Today, dear readers, we are going on a wonderful culinary adventure that is taking us from Greece to Long Island, New York to Ms. Jeannie’s kitchen in Georgia. The subject of our adventure is a recipe from this Greek cookbook Ms. Jeannie has for sale in her Etsy shop…
The recipes in The Art of Greek Cookery were compiled in 1958, by 16 first generation Greek women who lived in Hempstead, New York and were part of the congregation of St. Paul’s Greek Orthodox Church.
The Church, which was formed in 1944, needed to expand as their congregation grew, so the ladies of the Church formed a recipe committee, which was a segment of the church’s social organization, the Mr. & Mrs. Club (so cute!). The intention of the recipe committee was to gather traditional recipes from their homeland into a book for American cooks and then to sell the books as a fundraiser for the new building construction. In true Julia Child spirit, these ladies got to work gathering, testing and and adapting hundreds of recipes that were representatives of their Greek culture. This is a picture of some of the original members of the recipe club…
After two and half years of laboring, they published a simple spiral bound cookbook entitled, The Grecian Gourmet, which turned out to be a runaway success. Both the The New York Times and the New York Tribune published articles about the women and their book project, which caught the attention of people all across the country and book orders poured in.
The recipe committee was humbled and amazed that their little cookbook had become such a sensation.
“It was a book that had immense appeal for all food conscious people. For gourmets and experimental cooks of all kinds; for tourists who upon returning from Greece, wished to duplicate in their own kitchens some of the interesting and exciting dishes they had tasted in Greece on the Grecian islands. It was a work of love and a great pleasure for all of us.” – Theodora Lourekas, Chairmen of the Recipe Committee, 1963.
The cookbook also caught the attention of New York publishing giant Doubleday and Company, who wanted to republish it under their “Art of ” cookbook series. And so the Art of Greek Cookery was born in 1963.
Containing a wealth of recipes ranging from appetizers to desserts, the cookbook also contains information on Greek wines, traditional feast days, customs, traditions, suggested menus and a lovely forward by the then pastor, Father George Papadeas. To say that he was not only proud but impressed by the hard work and determination of these women was an understatement. Just by reading the forward, preface and introduction of this cookbook you can tell that so much love and good cheer was behind this project.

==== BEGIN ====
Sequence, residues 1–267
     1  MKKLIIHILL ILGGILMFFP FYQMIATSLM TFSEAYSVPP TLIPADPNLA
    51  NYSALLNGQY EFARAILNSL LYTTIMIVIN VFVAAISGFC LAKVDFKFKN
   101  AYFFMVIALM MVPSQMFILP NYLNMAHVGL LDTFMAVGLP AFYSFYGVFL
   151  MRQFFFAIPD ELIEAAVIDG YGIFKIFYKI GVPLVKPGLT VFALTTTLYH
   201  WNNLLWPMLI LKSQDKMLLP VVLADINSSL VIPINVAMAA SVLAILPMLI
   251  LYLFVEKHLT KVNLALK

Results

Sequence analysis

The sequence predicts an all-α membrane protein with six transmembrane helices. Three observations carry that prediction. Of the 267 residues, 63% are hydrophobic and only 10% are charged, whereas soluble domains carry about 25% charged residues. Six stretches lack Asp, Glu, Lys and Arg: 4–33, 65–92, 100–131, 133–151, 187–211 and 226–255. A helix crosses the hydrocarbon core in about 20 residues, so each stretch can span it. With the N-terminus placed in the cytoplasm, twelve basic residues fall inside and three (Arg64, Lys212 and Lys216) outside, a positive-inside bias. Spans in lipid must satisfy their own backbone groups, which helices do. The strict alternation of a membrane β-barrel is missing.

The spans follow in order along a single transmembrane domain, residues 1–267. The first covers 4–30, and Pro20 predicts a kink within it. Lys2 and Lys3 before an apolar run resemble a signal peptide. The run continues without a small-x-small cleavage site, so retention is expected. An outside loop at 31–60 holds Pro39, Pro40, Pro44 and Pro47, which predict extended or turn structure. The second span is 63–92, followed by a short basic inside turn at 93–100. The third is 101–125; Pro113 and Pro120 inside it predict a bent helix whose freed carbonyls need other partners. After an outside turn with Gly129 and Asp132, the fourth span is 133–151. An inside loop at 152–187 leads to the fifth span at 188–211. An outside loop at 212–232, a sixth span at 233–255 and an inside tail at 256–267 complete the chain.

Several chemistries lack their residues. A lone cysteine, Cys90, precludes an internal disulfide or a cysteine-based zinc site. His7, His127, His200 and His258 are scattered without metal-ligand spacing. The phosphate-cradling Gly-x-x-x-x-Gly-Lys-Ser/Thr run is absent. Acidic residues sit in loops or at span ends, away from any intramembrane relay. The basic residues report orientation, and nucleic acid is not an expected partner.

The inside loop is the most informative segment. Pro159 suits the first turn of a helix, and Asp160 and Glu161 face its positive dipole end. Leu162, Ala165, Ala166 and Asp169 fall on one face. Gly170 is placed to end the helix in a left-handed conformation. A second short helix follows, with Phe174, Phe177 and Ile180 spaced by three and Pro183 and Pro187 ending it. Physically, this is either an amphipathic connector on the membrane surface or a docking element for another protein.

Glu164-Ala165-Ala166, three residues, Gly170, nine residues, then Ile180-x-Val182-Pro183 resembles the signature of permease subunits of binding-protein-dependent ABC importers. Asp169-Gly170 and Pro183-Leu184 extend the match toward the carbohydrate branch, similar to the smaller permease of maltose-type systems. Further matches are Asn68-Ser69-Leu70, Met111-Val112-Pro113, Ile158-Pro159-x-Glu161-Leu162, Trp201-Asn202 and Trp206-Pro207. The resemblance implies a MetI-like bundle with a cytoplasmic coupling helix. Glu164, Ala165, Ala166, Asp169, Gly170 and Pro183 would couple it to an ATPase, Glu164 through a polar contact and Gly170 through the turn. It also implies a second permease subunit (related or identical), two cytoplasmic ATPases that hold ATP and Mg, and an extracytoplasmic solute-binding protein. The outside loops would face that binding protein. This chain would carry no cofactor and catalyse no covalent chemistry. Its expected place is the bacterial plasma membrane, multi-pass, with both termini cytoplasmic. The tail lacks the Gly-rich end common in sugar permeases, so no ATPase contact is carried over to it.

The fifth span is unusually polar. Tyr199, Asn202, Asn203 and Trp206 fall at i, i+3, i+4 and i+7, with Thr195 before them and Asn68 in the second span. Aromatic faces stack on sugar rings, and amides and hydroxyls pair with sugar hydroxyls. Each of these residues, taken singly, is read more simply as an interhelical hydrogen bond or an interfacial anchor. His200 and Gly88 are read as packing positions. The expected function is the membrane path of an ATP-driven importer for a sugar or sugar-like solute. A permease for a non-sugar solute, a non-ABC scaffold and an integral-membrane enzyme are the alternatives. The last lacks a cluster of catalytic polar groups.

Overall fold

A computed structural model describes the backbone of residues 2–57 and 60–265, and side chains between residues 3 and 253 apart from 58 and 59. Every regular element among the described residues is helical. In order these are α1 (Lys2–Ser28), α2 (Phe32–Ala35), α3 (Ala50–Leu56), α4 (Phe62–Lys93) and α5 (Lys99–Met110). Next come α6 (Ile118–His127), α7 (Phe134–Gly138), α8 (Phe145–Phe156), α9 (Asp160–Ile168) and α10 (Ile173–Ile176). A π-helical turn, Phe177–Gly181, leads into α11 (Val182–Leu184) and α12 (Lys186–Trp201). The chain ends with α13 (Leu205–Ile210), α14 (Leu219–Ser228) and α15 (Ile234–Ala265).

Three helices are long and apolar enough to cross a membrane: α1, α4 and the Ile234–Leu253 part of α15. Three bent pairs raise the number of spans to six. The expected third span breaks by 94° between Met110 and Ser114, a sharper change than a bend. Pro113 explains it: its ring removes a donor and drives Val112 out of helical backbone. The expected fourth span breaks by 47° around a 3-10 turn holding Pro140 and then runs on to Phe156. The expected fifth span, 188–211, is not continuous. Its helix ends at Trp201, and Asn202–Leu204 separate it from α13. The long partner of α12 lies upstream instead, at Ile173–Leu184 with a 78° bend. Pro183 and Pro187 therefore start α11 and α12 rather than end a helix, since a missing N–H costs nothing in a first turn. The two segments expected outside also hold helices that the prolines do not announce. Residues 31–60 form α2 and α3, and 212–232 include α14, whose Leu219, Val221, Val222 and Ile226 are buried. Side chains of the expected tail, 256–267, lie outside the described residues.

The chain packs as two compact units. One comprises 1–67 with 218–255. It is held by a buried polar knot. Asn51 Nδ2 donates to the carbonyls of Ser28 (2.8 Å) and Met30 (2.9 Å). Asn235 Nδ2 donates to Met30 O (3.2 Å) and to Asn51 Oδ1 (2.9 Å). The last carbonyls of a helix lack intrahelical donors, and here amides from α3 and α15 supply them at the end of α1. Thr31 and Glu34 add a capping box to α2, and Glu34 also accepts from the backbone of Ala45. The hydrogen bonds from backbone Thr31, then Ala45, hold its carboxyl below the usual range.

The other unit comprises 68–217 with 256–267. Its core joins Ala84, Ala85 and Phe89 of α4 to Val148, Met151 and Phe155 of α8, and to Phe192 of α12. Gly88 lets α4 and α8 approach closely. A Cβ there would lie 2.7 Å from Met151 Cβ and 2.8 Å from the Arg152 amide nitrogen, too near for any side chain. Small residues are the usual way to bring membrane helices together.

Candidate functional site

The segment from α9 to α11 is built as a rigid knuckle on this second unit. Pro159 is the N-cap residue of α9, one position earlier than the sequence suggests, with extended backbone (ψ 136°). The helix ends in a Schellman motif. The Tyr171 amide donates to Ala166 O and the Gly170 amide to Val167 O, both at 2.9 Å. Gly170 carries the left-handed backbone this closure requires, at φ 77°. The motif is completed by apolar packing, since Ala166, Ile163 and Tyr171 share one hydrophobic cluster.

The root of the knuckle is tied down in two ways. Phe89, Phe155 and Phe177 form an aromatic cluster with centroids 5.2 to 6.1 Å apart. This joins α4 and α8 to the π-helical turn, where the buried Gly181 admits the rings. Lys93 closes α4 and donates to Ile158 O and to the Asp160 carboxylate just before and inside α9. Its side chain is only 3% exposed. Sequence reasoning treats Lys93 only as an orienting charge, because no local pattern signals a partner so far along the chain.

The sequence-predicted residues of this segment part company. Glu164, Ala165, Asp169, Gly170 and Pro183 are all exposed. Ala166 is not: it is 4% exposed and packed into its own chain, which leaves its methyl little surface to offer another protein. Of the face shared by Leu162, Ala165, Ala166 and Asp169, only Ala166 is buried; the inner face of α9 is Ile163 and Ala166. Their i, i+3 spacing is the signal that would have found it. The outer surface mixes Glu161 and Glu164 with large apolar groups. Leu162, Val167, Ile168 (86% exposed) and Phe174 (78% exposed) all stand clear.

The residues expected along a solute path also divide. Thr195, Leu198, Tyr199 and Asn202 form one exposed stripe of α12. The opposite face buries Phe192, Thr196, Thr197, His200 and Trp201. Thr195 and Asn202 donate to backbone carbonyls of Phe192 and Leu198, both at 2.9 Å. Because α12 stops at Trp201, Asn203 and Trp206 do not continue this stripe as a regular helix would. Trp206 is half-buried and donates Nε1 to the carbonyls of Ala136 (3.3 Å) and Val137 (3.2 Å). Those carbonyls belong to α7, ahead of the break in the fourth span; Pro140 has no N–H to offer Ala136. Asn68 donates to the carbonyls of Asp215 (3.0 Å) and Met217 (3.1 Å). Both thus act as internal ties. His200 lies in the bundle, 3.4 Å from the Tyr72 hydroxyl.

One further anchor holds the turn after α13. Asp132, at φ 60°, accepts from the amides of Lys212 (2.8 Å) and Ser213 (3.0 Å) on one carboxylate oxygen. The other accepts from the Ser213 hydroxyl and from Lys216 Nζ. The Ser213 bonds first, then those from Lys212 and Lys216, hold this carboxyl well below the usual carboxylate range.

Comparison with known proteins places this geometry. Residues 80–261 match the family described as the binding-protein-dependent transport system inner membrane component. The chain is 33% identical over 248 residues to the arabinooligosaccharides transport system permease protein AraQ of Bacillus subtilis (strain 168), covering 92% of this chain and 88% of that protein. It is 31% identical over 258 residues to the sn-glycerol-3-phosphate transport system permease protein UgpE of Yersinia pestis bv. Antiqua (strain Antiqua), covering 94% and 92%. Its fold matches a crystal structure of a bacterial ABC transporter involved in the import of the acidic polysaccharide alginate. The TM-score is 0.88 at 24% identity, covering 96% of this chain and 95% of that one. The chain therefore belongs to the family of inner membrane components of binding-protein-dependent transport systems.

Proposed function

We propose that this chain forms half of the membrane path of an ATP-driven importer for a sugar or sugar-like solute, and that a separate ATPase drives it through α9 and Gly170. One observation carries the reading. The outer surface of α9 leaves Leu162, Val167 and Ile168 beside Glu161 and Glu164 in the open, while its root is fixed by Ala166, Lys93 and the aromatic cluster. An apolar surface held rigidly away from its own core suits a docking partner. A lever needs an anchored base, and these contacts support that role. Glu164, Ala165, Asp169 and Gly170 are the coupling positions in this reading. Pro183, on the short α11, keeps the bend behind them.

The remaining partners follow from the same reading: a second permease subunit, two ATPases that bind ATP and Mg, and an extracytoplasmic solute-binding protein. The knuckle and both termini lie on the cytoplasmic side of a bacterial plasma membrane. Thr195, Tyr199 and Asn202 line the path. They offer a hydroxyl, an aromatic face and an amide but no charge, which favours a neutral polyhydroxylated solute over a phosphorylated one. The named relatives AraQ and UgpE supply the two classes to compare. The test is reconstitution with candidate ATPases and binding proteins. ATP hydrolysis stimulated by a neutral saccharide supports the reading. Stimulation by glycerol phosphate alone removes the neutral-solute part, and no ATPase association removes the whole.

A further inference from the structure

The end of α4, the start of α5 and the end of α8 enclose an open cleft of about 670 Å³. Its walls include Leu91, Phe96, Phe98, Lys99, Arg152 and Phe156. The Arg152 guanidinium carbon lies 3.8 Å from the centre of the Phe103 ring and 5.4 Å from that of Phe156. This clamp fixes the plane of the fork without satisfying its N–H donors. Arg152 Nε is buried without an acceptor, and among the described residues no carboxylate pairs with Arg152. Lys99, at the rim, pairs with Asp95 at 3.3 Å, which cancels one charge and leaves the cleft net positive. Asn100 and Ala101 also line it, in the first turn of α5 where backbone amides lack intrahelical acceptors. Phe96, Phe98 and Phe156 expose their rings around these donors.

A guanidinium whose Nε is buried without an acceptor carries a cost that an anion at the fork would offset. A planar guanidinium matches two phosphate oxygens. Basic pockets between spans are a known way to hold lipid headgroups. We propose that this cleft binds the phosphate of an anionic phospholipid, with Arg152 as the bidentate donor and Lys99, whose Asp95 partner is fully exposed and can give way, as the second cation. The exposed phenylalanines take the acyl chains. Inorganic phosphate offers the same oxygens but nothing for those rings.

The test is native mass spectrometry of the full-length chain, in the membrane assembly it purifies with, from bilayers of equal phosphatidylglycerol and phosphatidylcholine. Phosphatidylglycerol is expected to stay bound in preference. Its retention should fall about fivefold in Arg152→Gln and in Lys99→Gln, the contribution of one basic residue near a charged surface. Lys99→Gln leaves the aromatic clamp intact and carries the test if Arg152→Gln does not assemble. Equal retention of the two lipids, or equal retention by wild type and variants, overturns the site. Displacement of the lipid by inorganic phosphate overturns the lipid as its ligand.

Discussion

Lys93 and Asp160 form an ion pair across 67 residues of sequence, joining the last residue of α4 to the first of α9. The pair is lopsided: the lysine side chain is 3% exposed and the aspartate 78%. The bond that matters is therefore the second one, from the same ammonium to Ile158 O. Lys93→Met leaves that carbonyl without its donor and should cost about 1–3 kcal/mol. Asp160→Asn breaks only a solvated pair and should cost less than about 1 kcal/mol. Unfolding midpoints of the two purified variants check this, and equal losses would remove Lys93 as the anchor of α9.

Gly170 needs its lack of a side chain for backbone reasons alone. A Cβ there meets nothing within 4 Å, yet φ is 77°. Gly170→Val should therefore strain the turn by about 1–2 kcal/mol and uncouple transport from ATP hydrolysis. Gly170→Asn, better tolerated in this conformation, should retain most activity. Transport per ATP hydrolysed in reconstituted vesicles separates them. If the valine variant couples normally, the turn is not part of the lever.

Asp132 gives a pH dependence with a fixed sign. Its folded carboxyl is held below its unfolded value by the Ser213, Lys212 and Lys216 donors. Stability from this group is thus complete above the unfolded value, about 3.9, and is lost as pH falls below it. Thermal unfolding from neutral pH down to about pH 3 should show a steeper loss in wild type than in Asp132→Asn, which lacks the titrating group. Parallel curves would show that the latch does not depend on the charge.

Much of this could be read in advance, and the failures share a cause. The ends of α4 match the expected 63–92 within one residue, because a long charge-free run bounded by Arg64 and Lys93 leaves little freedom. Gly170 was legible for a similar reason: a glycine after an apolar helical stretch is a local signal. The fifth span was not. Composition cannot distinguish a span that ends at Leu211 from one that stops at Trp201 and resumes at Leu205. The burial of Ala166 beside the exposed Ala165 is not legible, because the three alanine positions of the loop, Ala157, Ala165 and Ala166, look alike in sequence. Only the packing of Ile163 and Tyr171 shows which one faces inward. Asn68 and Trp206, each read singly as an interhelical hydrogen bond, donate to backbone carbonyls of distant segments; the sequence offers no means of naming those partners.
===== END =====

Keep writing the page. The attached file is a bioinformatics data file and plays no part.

100% of the proceeds from the book sales went into the church construction fund, which provided them with more than enough money to undertake the expansion. Both the Church and the recipe club are still going strong today!
So in true spirit, Ms. Jeannie embarked on a new cooking challenge and made one of the recipes from the book. Ideally, she would have liked to have chosen a lamb recipe, since that is so traditional, but Ms. Jeannie feels bad for the little lambs and doesn’t know of a local, ethically sourced lamb company, so she chose a chicken dish instead. It had five ingredients and was ready within an hour. And it was DELICIOUS (with a big capital D!). Here’s the recipe…
Chicken with Scallions (also known as Kotopoulo me Kremidakia Freska)
3-4 lb. organic chicken, cut into 6 pieces
5 tablespoons butter
Salt & Pepper to taste
1 cup hot water
6 bunches organic scallions, rinsed and ends trimmed
3 organic eggs
1 lemon, juice of
Rinse chicken pieces and pat dry with paper towels. In a Dutch oven (or you can use a large soup pot) melt the butter, add the chicken pieces and brown until golden on all sides. Sprinkle with salt and pepper. *Add hot water and scallions. Cover and cook over low-heat for one hour.
In a medium bowl, beat eggs. Incorporate lemon juice slowly into egg mixture while constantly stirring to prevent curdling. Add some broth from the pan (about 1/2 cup), again constantly stirring to prevent curdling. Stir actively for about a minute.
Remove chicken from pan and place on a plate. Add the egg mixture to the pan broth and stir constantly for another minute to avoid curdling. Add the chicken back into the pot to soak up the sauce. The heat under the pan must be on low and the sauce must not be allowed to boil. Let the chicken rest in the sauce fora few minutes before removing from heat and serving.
* Special note – Ms. Jeannie doesn’t have a Dutch oven so she used a large soup pot. After she browned the chicken and before she added the water and scallions, she de-glazed the pan with 1/4 cup of white wine just because her pot tends to burn easily. If you are using a Dutch oven you might not need to add that step at all.
Once Ms. Jeannie placed the chicken and sauce in a serving dish she sprinkled it with some chives from her garden. This of course is optional. She served the chicken with a simple homegrown tomato basil salad which was marinated in olive oil and garlic for an hour, a crusty baguette and a glass of sauvignon blanc. Enjoying an authentic Greek dinner outside on the patio with Mr. Jeannie Ology made Ms. Jeannie feel like she was on a little vacation!
It is armchair traveling at its best and most delicious! Cheers or Opa (as they like to say in Greece)!